China strictly controls information about, and access to, what it calls the Tibetan Autonomous Region (TAR). Tibetans make up 94% of the population of the TAR. China's human rights record in Tibet is very poor. Tibetan Buddhist religious activity has been repressed because it is regarded as politically sympathetic to Tibetan separatism. Most Tibetan political prisoners are monks and nuns. Serious human rights abuses are reported, such as torture, arbitrary arrest, surveillance, detention without trial, repression and restrictions on freedom of movement.
Prisoners are punished if deemed disloyal to the state. Re-education through forced labour is used on prison work sites and is not subject to judicial review. Many political prisoners in Lhasa are serving sentences on charges of counter-revolution despite this charge having been dropped from criminal law in 1997; such acts are now crimes under China's anti-subversion laws.
Foreign travel to the TAR is strictly controlled despite promises that foreign tourists would have unrestricted access. Development and new economic opportunities are bringing in migrants from China's large transient worker population, changing the ethnic balance of the region. Family planning policies permit minority groups to have more children than ethnic Han Chinese. Rural Tibetans are encouraged to limit births to 3 children.
The TAR is one of China's poorest regions, and Tibetans are among the poorest groups in the country, with widespread malnutrition among Tibetan children. Tibetans report discrimination in employment and claim that Han Chinese receive preferential hiring.
Authorities now limit the traditional practice of sending young boys to monasteries for religious training. Monasteries are forbidden from accepting anyone under age 18, but some monasteries admit younger boys by delaying their registration until that age. The availability of teachers in the TAR and other Tibetan-language areas is limited, since many teachers are in exile and older teachers have not been replaced. Fewer monks are being qualified as teachers. For the first time in 16 years authorities have permitted the Geshe Lharampa, the highest religious examinations in Tibetan Buddhism, to take place.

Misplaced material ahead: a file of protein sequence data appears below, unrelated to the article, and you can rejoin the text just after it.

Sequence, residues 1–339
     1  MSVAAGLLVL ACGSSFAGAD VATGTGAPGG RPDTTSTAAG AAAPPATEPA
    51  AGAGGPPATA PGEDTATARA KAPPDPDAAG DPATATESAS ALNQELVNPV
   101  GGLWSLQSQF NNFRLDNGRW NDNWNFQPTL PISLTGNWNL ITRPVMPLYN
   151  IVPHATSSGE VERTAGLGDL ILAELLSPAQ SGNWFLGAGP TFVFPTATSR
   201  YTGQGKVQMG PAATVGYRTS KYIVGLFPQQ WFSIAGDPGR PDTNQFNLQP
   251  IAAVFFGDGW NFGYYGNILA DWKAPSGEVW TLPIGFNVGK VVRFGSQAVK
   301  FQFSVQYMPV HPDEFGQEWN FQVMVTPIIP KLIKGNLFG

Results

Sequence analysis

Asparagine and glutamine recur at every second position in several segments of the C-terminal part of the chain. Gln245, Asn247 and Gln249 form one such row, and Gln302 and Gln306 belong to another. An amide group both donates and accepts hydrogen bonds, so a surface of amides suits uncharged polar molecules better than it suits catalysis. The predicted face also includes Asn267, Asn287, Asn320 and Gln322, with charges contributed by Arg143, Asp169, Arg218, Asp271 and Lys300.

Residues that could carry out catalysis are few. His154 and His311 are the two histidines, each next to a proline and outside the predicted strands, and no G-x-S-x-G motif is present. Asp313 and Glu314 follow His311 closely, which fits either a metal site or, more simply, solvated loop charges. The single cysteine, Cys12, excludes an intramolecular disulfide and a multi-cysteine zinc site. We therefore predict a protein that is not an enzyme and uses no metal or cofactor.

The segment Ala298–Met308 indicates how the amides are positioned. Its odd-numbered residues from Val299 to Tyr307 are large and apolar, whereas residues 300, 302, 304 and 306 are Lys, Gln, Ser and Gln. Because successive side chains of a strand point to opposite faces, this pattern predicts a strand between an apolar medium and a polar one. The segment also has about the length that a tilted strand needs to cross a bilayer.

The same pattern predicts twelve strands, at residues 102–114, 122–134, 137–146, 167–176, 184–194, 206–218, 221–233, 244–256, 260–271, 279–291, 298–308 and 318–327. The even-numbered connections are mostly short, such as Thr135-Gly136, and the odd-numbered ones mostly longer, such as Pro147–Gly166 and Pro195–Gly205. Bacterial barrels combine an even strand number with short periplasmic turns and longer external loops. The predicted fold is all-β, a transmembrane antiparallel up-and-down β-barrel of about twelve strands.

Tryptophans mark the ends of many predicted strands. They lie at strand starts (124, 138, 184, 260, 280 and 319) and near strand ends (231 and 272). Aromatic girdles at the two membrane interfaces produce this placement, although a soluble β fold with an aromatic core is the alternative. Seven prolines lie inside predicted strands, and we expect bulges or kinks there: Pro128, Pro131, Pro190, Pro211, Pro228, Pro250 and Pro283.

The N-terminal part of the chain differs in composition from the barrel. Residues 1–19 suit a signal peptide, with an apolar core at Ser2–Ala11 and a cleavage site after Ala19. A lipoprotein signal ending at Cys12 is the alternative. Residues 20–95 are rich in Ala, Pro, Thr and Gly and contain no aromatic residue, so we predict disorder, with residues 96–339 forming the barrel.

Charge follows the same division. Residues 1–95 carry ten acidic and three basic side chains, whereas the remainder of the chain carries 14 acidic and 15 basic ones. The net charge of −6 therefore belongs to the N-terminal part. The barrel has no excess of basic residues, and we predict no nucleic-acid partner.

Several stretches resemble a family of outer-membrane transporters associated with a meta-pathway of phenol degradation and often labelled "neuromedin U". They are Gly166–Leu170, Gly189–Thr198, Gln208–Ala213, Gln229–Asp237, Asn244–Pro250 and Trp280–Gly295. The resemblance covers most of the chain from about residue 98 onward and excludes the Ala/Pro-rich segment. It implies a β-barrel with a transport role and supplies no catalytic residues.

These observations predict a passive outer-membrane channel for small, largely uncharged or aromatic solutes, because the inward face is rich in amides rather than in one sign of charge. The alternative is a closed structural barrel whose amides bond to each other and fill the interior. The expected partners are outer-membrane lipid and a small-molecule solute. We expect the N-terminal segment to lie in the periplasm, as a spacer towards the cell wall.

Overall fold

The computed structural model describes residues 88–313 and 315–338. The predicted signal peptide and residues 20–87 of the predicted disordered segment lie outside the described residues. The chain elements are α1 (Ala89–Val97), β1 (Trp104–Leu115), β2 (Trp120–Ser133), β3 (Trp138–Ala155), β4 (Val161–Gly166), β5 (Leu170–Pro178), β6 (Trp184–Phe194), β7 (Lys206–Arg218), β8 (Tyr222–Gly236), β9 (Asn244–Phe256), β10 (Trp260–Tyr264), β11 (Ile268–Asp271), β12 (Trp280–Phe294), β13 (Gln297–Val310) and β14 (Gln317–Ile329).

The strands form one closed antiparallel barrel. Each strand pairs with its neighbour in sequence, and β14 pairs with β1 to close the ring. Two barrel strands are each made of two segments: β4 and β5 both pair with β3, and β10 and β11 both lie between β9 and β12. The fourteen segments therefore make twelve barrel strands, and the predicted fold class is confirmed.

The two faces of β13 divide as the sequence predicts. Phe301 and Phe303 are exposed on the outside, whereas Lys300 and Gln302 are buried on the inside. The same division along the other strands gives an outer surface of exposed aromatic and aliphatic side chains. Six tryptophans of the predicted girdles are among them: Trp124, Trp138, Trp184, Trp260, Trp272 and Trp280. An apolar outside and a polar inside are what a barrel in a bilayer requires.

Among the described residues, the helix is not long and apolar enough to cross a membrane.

Teachers, who are mostly monks and nuns, undergo political education on a regular basis, and those who refuse to participate are expelled. Young Tibetan men aged 6 to 30 migrate to India to get Tibetan-language education and opportunities for religious education. The rate of illiteracy among Tibetans, at 48%, is more than 5 times higher than China's national average of 9%. Many pupils in rural and nomadic areas receive only 1 to 3 years of schooling.
A comprehensive national Tibetan language curriculum has been developed, and many elementary schools use Tibetan as the primary language of instruction. Students must also study Chinese. In middle and high schools Tibetan is often used only for classes in language, literature and culture, while other classes are in Chinese. Proficiency in Chinese is necessary for higher education. Universities serving ethnic minorities allow the study of only some subjects in Tibetan.
Tibetans are considered an ethnic minority by the Chinese. The Moinbas is also reported to live in Tibet. According to information in the Chinese press they are among the poorest people in Tibet, and there are now opportunities for Moinbas children to study in the ethnic Minority Institutes in Lhasa and in Beijing.
Authorities in Tibetan areas require professors and students at institutions of higher education to attend political education sessions. They also limit courses and materials to prevent separatist political and religious activities on campus. Students at Tibet University are prohibited from engaging in religious practice. The government controls curricula, texts and other course materials.
There are no formal restrictions on women's participation in the political system, and women hold many lower level government positions. Women are under-represented at the provincial and prefectural levels of government. Prostitution is a growing problem.